I’ve hunted my whole life, but nothing beats the thrill of coyote hunting. Every stand is a new challenge, filled with unpredictable animal behavior and occasional bursts of heart-pounding excitement.
Coyote hunting a trophy.
With every call sent into the wind, there is a question: Will tonight’s coyote be worthy of a taxidermists fee’s.
The idea that I would one day take such a trophy often occurred to me, but like the astronauts who made it to the Moon, a once-in-a-lifetime success can never be repeated.
The black coyote appears.
It all began one day back in early 2019; a stunning black coyote started regularly showing up on my trail cams. Never appearing during the day, but just at night.
Curious, I started collecting and saving the photos. I soon wondered if I could pattern him like deer hunters pattern a trophy buck. So I watched this coyote for over two years, hoping to get a shot at him.
He consistently showed up every 3-4 days and then appeared nightly for the next 2-3 days. Due to the regularity of his visits, I thought it would be easy to harvest this trophy. But, boy, was I wrong!
During this two-year-long pursuit, I used the Predator Tactics Coyote Reaper XXL red/green lights and a pair of 7d NVGs. I used e-calls, gut piles from deer, table scraps, etc., and I still never caught sight of him in my scope’s crosshairs (day or night). But yet, every time I checked my trail cameras, there would be a slew of pictures and videos of him.
A change of coyote hunting tactics and a new goal.
In 2021, I switched to a thermal scope and made it my goal that year to kill this guy. In January, he showed up on camera with a female. I studied their activity together and noticed a new and much more specific pattern. Every single day, the two paired coyotes would come through my property twice a day between 7:20 am and 7:45, and again between 1100 pm and 3:00 am.
Armed with this knowledge, I went out early one morning in February, snuck into my ground blind, set the call about 20 yards from me, and spotted the approach of what turned out to be the female.
Taking the trophy coyote’s mate.
She was a clever girl and no fool when it came to being called. At about 0700, I played rabbit distress for 2-3 minutes, and then I went quiet. She didn’t respond. Next, I played her a constant stream of mouse squeaks. These squeaks caught her attention, and she began to move in closer. Finally, just as I got her in my crosshairs, she decided something was wrong and started to leave.
I quickly muted the call, and she stopped dead in her tracks. Taking advantage of her fatal mistake, I sent a 55-grain VMAX downrange and dropped her where she stood. I played the coyote KiYi on my FoxPro, but her black mate never made an appearance that day.
The next night, the black male came to the exact spot she died at, smelled around for about 10 seconds, and left. I never caught sight of him on my property again.
A new coyote hunting location yields the return of the black trophy.
Eventually, I got permission to hunt an old hog farm next door. I had suspected the black male coyote was inhabiting this area all along, given his previous travel patterns. To confirm my theory, I placed a few trail cameras and waited.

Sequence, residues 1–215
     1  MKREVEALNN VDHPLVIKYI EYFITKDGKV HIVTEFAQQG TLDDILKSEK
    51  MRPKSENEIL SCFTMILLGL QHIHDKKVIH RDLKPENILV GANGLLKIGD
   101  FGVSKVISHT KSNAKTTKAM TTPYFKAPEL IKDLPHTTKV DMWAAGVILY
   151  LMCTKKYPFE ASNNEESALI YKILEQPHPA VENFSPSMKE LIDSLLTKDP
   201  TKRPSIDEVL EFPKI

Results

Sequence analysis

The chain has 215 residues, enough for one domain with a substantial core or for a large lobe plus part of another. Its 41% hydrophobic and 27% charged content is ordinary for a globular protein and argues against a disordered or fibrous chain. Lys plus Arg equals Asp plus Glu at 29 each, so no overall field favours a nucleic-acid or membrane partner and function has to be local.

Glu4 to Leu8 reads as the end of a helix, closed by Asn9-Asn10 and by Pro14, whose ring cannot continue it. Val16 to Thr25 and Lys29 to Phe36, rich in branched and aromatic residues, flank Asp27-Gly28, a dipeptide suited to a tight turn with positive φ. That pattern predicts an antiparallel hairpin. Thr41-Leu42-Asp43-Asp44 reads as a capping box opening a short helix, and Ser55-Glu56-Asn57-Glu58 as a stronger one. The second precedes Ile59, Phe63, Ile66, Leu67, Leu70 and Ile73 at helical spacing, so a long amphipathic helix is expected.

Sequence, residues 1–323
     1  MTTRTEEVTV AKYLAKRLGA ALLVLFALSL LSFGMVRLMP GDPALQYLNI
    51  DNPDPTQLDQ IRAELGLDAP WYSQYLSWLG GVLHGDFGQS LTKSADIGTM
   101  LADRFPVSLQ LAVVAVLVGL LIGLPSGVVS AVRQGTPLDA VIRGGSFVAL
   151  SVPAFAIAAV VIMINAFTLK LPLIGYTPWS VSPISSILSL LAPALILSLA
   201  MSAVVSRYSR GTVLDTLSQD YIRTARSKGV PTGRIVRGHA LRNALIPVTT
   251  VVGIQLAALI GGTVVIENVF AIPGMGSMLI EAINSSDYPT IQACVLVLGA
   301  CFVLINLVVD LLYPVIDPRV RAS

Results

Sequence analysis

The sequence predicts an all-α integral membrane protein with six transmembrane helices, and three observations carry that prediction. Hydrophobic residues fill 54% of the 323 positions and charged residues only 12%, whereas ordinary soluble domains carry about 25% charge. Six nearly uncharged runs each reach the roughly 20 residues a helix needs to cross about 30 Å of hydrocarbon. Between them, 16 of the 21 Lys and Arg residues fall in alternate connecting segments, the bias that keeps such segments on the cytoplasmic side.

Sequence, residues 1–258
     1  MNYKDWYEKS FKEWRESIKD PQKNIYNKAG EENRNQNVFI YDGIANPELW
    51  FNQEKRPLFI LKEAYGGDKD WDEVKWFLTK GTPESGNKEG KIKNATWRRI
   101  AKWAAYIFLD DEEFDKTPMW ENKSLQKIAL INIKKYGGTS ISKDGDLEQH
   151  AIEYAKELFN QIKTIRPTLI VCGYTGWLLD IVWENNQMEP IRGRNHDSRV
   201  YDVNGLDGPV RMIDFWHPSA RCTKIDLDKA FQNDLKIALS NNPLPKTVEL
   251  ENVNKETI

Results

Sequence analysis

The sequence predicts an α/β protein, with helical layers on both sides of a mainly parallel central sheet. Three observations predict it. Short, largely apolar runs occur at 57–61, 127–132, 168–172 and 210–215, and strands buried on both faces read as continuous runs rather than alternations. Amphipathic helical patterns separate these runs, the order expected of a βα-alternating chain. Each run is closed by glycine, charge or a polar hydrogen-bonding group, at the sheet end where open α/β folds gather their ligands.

In April, I finally captured a video of him walking around one night. Then, a few nights later, when the weather was right and I could “play” the wind, I went hunting for my old nemesis.
The end game begins.
I began my stand that night with a lone female howl. Within minutes, I caught a glimpse of him about 300 yards away from me. He was working his way through an old abandoned hog pen. I tried a quick challenge howl, got no response, and then lost sight of him. Methodically scanning the area, I finally caught him moving west along a road 300 yards away. I tried another howl, and he still wouldn’t even look my way.
Just as he reached a woodline over 300 yds away, I used an MFK “Howl Yeah Fight” (pup distress with adult coyote) call. In seconds, he was coming in hot.
Now, the wind was absolute nuts, blowing from right to left one minute and then left to right the next. To make matters worse, I could see the coyote begin veering to my left. In a few seconds, the coyote was going to wind me.
I’ll never know why he stopped, but at just under 100 yards, he hit the brakes. Perhaps something spooked him; maybe he had just caught the faintest scent of me, but for some reason, here was my chance. You can see it in the video; he only gave me a tiny shot window. But I had a feeling this boy would never give me a second opportunity.
The end of a two year long coyote hunting experience of a lifetime.
Confident in my home-built Remington .223 and shooting skills, I dropped the hammer, knowing it was an ethical shot for me. Unfortunately for him, the round was a 60 grain Hornady VMAX that night. The bullet hit him just to the right of center mass, traveling at nearly 3,000 feet per second, and he was dead right there.
The end of a two-year-long coyote hunt comes with mixed emotions. There was joy at finally connecting with such an elusive and witty foe and, at the same time, a hint of sadness. I have hunted my whole life, and I took three more coyotes over the next three days, but something is missing now.
A real trophy like this one, I fear, may well be a once-in-a-lifetime coyote hunting event. But there’s always a new stand to make and a new Moon to stare up at between calls. And who knows who is listening and turning his ears to fix upon the sound.